Most metazoan genes have multiple exons that must be carefully excised (from the pre-mRNA) and then ligated (to form the mRNA). This RNA splicing occurs in the nucleus, and upon its completion the mRNA is exported to the cytoplasm for translation. Exon definition complexes and spliceosomes begin to assemble during transcription. Some of these complexes interact with RNAP II's CTD, and some introns are thus excised before transcription has even terminated.
There is no apparent order in which introns get spliced). Introns do no excise in any particular order, and active transcription (or its termination) is not needed for splicing to occur. However, the rate of transcription elongation through an intron can strongly affect what splice sites are chosen and thus indirectly couple transcription and splicing. Exon definition complexes and spliceosomes begin assembling during RNA synthesis; interaction with RNAP II's CTD leads to excision of some introns before transcription has even terminated).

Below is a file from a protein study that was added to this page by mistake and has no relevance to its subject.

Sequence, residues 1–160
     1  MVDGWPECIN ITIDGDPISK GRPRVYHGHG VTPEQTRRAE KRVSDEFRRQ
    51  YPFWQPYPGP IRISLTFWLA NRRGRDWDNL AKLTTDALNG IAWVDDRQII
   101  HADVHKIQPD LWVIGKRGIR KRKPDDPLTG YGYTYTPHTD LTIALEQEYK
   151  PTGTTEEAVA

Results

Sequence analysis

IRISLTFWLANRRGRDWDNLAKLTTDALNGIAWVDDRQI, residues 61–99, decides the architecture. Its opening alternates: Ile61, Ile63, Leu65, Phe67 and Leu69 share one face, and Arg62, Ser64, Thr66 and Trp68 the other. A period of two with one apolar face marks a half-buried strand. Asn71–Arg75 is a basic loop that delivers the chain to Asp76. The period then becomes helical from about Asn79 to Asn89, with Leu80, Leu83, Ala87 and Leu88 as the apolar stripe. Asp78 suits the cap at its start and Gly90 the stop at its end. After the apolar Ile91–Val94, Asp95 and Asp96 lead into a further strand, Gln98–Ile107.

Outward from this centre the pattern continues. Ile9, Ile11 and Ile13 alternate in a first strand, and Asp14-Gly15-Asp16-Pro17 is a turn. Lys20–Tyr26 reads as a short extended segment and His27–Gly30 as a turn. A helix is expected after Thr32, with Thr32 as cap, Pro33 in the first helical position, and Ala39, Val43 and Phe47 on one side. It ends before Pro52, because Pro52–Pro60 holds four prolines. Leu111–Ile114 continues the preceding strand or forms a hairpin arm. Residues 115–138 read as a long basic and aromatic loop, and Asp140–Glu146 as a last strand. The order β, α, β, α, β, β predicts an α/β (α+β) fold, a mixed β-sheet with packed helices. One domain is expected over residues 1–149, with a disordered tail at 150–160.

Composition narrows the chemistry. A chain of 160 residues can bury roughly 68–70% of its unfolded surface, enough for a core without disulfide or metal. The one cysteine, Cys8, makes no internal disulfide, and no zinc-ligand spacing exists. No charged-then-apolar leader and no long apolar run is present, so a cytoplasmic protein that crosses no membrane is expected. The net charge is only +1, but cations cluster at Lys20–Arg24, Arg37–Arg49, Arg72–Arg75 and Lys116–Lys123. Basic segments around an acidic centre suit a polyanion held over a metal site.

Whether a gene has one or many introns, each is excised via the same two isoenergetic transesterification reactions:
- First transesterification Within the intron, the 2' hydroxyl of the branchpoint A attacks the 5'-end phosphate, releasing the 5' exon and forming an intron lariat. The new phosphodiester bond of the A nucleotide makes it a branched nucleotide bound to its attack-ee and two adjacent bases. The branched nucleotide is a most peculiar phenomenon.
- Second transesterification The 3' hydroxyl of the detached 5' exon attacks the phosphate at the 3' end of the intron. This causes release of the intron lariat and ligation of the exons.